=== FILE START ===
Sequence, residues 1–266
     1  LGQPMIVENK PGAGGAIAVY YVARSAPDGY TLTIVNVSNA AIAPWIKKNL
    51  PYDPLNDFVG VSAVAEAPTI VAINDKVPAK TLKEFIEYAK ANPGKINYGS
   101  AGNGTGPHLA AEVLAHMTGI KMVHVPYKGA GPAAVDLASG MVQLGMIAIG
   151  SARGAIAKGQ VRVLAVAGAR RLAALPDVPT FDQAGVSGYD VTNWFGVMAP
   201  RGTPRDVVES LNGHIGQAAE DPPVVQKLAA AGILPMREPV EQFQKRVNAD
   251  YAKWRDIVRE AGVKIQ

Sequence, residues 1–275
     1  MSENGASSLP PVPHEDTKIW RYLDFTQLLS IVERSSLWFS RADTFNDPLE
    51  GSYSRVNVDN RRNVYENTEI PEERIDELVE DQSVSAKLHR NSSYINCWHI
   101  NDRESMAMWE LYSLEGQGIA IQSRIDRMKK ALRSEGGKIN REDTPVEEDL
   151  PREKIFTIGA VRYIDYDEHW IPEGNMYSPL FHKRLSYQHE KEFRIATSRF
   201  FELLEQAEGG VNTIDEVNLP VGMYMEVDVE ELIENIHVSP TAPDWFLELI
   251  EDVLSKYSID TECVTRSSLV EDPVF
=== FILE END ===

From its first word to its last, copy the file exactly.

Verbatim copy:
Sequence, residues 1–266
     1  LGQPMIVENK PGAGGAIAVY YVARSAPDGY TLTIVNVSNA AIAPWIKKNL
    51  PYDPLNDFVG VSAVAEAPTI VAINDKVPAK TLKEFIEYAK ANPGKINYGS
   101  AGNGTGPHLA AEVLAHMTGI KMVHVPYKGA GPAAVDLASG MVQLGMIAIG
   151  SARGAIAKGQ VRVLAVAGAR RLAALPDVPT FDQAGVSGYD VTNWFGVMAP
   201  RGTPRDVVES LNGHIGQAAE DPPVVQKLAA AGILPMREPV EQFQKRVNAD
   251  YAKWRDIVRE AGVKIQ

Sequence, residues 1–275
     1  MSENGASSLP PVPHEDTKIW RYLDFTQLLS IVERSSLWFS RADTFNDPLE
    51  GSYSRVNVDN RRNVYENTEI PEERIDELVE DQSVSAKLHR NSSYINCWHI
   101  NDRESMAMWE LYSLEGQGIA IQSRIDRMKK ALRSEGGKIN REDTPVEEDL
   151  PREKIFTIGA VRYIDYDEHW IPEGNMYSPL FHKRLSYQHE KEFRIATSRF
   201  FELLEQAEGG VNTIDEVNLP VGMYMEVDVE ELIENIHVSP TAPDWFLELI
   251  EDVLSKYSID TECVTRSSLV EDPVF